Inmates in a state correctional facility in Wilmington will soon be surveyed for a study officials say could lead to changes in the prison environment.
Delaware is one of five states involved in the nationwide study of prison climate led by the Urban Institute— a nonpartisan think tank based in Washington D.C.
Nancy La Vigne, vice president of justice policy at the Urban Institute, says the goal is to use data to improve transparency and accountability in prisons, as well as make them more humane.
“A lot of attention has been paid to reducing incarceration, but very little to what happens behind bars— the conditions of confinement, the climate, the culture for both the people who live there and the people who work there,” she said. “Our goal is to bring research and evidence to bear on those questions.”
Dan O’Connell is a scientist at the University of Delaware's Center for Drug and Health Studies. He and another UD researcher are leading the study in Delaware, which will survey inmates and prison staff at Howard R. Young Correctional Institution in Wilmington.
O’Connell says inmates and prison staff will help with the research.
“Just instead of coming in and studying them, they are part of the research team,” he said. “A select group will join us in figuring out the design of the study, what types of issues we’ll be looking at. We’ll be collecting the data together, analyzing and interpreting the data together.”
O’Connell says the survey will likely ask both inmates and staff how they feel about their situations.
“Do they feel safe?” he asked. “What does safe mean to them? For the people that aren’t going home today, how do they get home? How do they want to get home? What are the issues with being away from home?”
Eric Harris is on the inmate advisory council for the study. He sees the survey as a “once-in-a-generation opportunity” to make change in Delaware.
“The long-range effect will be that people will do less time,” he said. “People will get more out of the experience while they’re here. And that the public will be aware of what goes on inside.”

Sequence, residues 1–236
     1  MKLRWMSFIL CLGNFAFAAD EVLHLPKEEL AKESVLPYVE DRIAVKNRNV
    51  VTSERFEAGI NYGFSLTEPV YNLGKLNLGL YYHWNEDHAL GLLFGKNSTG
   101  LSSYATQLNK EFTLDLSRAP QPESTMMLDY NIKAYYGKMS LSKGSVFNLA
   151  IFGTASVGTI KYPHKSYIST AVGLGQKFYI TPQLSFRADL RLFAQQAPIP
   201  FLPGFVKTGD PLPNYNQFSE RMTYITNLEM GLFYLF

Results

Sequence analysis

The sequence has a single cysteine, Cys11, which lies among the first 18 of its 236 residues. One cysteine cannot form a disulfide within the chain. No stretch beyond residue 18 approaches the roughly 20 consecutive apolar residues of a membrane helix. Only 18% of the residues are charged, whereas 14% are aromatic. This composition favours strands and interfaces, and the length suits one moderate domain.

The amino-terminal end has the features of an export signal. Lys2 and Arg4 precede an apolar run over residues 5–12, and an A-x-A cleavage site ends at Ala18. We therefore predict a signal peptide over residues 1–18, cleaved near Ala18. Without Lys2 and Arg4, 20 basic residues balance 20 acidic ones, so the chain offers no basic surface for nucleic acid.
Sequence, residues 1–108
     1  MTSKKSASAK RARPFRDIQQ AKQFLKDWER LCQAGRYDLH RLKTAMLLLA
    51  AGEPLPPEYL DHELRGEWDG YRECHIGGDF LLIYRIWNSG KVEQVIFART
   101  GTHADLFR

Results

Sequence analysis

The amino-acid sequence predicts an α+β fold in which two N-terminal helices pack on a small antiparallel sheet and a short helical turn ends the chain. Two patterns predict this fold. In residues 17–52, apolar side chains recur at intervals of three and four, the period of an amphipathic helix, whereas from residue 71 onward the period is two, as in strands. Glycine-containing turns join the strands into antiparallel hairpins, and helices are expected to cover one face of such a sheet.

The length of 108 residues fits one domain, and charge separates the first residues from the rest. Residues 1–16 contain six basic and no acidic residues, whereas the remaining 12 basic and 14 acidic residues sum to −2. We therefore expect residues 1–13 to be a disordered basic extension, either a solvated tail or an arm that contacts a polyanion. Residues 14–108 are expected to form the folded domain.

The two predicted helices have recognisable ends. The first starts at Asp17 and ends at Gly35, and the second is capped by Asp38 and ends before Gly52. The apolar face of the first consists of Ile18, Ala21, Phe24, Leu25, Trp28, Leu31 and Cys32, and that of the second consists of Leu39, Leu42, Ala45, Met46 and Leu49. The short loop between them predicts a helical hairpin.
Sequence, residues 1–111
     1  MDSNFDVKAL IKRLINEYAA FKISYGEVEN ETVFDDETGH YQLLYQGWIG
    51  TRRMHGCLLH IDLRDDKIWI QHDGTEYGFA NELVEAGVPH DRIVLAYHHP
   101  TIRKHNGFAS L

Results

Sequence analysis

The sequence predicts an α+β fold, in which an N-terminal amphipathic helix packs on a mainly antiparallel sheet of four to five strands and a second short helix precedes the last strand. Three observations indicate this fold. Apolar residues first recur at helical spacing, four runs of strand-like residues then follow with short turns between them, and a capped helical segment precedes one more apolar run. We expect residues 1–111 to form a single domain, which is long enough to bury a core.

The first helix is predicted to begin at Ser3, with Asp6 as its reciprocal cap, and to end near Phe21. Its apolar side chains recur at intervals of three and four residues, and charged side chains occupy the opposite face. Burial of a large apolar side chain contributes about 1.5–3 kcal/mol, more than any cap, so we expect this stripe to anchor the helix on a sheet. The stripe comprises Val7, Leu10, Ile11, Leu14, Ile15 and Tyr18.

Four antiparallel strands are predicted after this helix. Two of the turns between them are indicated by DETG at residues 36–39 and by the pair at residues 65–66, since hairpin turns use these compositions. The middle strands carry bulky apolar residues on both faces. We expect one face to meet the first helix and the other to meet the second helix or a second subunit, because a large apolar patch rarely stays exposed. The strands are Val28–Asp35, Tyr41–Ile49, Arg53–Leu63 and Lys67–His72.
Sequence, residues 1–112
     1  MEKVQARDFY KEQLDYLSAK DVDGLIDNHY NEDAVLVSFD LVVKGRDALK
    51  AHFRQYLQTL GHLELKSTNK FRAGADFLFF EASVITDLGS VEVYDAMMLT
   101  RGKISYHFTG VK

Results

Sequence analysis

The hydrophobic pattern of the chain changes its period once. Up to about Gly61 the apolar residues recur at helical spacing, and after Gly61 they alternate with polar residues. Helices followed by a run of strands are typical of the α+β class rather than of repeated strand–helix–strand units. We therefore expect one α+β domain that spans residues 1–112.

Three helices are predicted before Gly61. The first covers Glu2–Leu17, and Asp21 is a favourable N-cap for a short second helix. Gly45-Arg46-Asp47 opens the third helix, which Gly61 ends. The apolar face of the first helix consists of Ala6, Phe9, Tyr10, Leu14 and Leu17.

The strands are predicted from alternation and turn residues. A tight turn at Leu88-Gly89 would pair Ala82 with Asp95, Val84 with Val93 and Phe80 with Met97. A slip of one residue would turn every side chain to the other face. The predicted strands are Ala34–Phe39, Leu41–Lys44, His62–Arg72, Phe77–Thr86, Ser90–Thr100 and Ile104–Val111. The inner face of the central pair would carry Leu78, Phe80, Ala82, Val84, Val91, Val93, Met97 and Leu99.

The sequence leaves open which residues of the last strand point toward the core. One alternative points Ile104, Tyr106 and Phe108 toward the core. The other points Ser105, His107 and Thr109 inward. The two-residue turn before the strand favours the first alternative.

Harris, who is serving his fourth year of a seven-year sentence, emphasizes the need for more— and more strategic— education and career skills programming in the prison. He adds inmates should be able to earn more “good time,” which can reduce sentence length, for constructive behavior.
“When you hang onto somebody in a prison, eventually you get diminishing returns,” he said. “People are leaving here more damaged than when they got here. And it’s not DOC’s fault. It’s the system.”
Joanna Champney, chief of planning, research and re-entry at Delaware’s Department of Correction, says she expects the study’s findings to lead to “small tweaks” inside the prison that could impact inmate quality of life.
“Not every change has to cost a fortune,” she said. “Some changes do cost a lot. Changes to the architecture or expansion of programming, those things come with a big-ticket price tag. But there are some small tweaks that we can make, often in the daily experiences people have.”
Champney mentions an inmate advisory council meeting last week in which inmates said they hadn’t seen a blade of grass in years.
“So when you think about morale, there are things we can do here that would be fairly inexpensive to change just the way people feel about being here day in and day out,” she said.
The first phase of the study is expected to take about a year.